Many a happy evening has been spent by most of us on the likes of Ladypool Road, Wilmslow Road, or Whitechapel Road. We tuck into all sorts of food and drink, we are simultaneously appalled by and contribute to the shoddy parking on display, and we wonder aloud why there are so many fried chicken places. But a question recently came our way that could jeopardise all these blood-pressure inducing antics: are buffets even halal?
And, no, it’s not a HFA v HMC debate.
As many of our regular readers will know, Islam forbids gharar, or uncertainty, in a contract. This is due to a bunch of different things. Firstly it just makes sense to be clear on what exactly you’re buying and selling so that you know where you stand. Secondly, it avoids beef later down the line as you both argue over what exactly “I promise to sell you the football strip of the best team in the world” meant. Thirdly it avoids situations where one side is getting a really raw deal and the other side is ripping them off. An example of this would be the fruit machine. Most of the time the gambler will lose out and the casino will win.
Now when it comes to buffets, there is clearly some uncertainty about how much an individual will be able to put away, so the argument goes that it is unclear what exactly is being bought and what is being sold, and therefore the transaction involves gharar and is invalid. You pay a fixed sum for an uncertain quantity of food, and therefore the transaction is uncertain.
Similarly, when we get into a taxi and don’t agree a payment upfront but pay by the meter, again we are entering into an uncertain transaction – especially when you do this in Egypt and then the guy tries to rip you off at the end! And for those of you who have been in a Turkish bath or a paid swimming pool – again it is unclear how much water and how much soap you will avail yourself of – all that is left up to chance.
For the more discerning of you, you will have noted that in fact gharar pervades all aspects of our financial and social lives. That’s what makes life life. This means that there is a degree of gharar to entering into a business – as of course you do not know if it will succeed or not.
But of course it would be absurd to say all this stuff is haram. So how does the Shariah distinguish between cases of gharar that you do want to avoid, and cases of gharar that are acceptable.
Well there are a number of ideas for how you go about doing this, and this is an evolving area of contemporary Islamic finance. Here are three useful rules of thumb to remember:
- The classical scholars say that one can distinguish between a minor amount of gharar and a major amount of gharar. So if in a contract there is a lot of gharar e.g. selling the birds in the sky (as you don’t know if you can catch them, what they are, and how many there are) then that is haram, but if there is a contract with little amount of gharar that is fine. This is the usual line of reasoning used to justify the cases discussed above.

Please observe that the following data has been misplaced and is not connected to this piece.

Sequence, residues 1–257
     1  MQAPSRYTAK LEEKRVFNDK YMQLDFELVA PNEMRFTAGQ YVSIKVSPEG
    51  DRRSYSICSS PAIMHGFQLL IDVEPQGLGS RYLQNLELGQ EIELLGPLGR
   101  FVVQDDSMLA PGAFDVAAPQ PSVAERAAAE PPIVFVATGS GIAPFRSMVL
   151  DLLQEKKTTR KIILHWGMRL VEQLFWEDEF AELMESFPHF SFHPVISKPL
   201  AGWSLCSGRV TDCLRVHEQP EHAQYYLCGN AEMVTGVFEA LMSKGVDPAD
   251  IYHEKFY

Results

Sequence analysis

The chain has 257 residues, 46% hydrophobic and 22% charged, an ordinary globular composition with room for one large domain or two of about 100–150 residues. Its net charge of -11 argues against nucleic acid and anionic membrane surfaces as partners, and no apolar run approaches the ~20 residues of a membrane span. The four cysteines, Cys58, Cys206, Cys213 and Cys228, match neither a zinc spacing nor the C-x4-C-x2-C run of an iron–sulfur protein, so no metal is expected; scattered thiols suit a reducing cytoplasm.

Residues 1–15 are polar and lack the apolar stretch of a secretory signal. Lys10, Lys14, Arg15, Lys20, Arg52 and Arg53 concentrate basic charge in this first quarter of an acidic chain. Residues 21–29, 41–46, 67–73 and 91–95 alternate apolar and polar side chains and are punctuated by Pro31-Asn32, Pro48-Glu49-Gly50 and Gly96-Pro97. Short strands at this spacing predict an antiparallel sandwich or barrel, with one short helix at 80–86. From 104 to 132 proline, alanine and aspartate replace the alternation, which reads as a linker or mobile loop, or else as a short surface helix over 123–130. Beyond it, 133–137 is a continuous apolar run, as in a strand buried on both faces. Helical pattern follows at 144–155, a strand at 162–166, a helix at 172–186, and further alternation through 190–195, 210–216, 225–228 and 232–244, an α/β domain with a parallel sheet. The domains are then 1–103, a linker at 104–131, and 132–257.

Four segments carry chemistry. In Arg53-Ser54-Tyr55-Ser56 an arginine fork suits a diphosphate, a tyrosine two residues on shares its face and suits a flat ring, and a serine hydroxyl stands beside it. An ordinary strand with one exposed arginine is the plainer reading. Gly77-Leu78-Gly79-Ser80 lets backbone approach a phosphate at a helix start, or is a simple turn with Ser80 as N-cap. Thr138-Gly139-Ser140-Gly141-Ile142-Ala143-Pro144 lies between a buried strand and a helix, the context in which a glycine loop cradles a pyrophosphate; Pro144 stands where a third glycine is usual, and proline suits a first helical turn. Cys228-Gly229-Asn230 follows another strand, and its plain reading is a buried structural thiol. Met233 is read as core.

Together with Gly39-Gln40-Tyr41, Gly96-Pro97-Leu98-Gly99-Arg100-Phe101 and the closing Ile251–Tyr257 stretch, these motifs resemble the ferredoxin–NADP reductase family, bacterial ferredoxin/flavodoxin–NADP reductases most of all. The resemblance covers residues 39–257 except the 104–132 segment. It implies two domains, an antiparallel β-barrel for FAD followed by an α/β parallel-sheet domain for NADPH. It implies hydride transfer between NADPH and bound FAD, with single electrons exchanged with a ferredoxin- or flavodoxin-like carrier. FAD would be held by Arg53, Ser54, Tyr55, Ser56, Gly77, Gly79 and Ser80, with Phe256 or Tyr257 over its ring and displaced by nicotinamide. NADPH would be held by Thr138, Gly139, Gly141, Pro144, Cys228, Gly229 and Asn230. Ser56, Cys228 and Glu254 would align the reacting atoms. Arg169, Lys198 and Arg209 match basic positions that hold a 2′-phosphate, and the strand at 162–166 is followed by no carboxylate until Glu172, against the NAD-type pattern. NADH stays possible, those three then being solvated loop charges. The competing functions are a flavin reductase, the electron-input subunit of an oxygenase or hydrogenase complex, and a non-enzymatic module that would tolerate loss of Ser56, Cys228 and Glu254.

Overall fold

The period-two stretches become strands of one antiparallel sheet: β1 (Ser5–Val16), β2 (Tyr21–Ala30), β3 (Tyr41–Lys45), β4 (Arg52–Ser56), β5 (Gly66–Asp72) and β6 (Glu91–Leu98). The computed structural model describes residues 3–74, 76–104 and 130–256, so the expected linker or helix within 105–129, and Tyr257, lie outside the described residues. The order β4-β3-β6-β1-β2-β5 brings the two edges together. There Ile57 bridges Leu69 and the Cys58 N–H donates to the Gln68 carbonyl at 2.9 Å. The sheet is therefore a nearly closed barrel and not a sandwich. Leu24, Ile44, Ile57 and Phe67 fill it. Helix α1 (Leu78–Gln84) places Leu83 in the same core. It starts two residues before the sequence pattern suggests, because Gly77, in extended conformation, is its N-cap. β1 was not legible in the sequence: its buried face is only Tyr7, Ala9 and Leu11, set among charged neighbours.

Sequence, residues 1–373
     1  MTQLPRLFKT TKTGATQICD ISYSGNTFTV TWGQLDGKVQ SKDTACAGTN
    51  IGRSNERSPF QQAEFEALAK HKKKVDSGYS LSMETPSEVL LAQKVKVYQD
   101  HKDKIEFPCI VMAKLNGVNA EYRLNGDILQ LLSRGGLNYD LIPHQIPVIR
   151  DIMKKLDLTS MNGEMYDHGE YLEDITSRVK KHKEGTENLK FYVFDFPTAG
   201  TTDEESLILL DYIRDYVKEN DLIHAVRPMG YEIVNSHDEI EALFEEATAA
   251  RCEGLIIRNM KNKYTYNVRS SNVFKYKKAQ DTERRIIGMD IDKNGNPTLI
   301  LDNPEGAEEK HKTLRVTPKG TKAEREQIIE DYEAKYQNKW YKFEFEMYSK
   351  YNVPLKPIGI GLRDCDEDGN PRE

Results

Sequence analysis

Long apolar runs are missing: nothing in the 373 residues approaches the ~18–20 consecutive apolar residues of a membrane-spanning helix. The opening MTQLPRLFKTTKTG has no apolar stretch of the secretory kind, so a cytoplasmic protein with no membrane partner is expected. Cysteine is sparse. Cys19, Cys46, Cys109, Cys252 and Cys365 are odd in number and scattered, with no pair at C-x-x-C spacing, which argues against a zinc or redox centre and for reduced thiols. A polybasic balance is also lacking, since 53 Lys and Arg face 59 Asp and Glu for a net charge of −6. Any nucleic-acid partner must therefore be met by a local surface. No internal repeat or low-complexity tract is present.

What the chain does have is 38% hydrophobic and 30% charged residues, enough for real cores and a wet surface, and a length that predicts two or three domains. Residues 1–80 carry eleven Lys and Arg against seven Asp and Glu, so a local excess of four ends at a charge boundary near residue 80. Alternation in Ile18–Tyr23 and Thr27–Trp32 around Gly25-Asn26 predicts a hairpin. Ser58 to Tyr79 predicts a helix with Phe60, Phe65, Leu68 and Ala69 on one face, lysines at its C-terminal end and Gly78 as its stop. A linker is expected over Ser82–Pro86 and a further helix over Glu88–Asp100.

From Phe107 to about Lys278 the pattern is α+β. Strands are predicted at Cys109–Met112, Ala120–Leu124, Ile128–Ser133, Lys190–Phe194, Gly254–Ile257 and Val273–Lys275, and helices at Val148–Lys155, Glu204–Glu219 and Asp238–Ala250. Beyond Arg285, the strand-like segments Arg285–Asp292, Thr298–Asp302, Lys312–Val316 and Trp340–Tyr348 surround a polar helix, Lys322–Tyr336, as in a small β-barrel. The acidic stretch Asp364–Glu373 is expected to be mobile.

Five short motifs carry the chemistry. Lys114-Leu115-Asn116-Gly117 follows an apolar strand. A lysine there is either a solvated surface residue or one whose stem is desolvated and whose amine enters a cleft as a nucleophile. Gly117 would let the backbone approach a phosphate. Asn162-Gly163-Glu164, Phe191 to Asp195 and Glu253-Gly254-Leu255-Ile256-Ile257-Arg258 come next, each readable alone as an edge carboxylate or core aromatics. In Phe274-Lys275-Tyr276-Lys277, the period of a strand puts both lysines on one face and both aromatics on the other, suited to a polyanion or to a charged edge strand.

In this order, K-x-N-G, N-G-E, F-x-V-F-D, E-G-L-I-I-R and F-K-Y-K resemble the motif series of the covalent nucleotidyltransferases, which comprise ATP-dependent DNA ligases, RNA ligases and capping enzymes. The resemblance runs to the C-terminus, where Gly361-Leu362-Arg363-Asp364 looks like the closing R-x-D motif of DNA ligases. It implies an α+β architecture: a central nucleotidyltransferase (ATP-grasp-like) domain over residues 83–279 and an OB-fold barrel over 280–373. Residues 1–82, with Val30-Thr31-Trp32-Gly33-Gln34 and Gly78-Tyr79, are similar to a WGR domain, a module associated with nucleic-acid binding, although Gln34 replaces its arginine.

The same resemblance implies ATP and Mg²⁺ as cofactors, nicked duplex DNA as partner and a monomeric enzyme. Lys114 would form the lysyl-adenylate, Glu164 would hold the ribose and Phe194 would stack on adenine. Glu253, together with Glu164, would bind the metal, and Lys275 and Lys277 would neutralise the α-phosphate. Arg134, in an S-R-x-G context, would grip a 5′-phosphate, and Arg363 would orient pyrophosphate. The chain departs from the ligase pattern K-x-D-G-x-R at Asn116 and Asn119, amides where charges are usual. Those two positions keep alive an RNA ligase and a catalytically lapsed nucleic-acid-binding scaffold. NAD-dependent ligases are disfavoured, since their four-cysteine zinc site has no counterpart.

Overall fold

- The classical scholars also point to necessity to justify getting involved in other kinds of transactions that involve gharar. Standardly this would involve things like a “made-to-order” contract. When you buy the house off-plan you don’t actually get anything back as the thing doesn’t exist yet and it is uncertain if it ever will be. But there are clear ahadith which allow this kind of contract as it is an accepted part of commercial life.
- Some people have also justified entering into a gharar-laden transaction such as breakdown cover on the grounds of hardship faced in the case the car breaks down in the middle of nowhere. So again this is an adapted argument from necessity.
So we can conclude that buffets are okay – go knock yourself out, hopefully not literally! However, these examples do show the extent to which theoretical Islamic Finance pervades our lives in interesting and relevant ways.
I do have to say that I am currently unsatisfied by the sharpness of the distinction between acceptable and unacceptable gharar. At the moment the thing that acts as the distinguisher is, it seems, essentially common sense. Now that’s not a bad thing, but it does leave things a little broad. I’ll be doing some more digging into this in the coming months so do watch this space for more!
Finally, I’m very excited about a book I’ve recently ordered: The Global Minotaur by former finance minister of Greece, Yanis Varoufakis. It is a powerful discussion on the state of our current global economy, how we ended up here, and what urgent steps we need to pull things around. I’d highly recommend you get hold of a copy.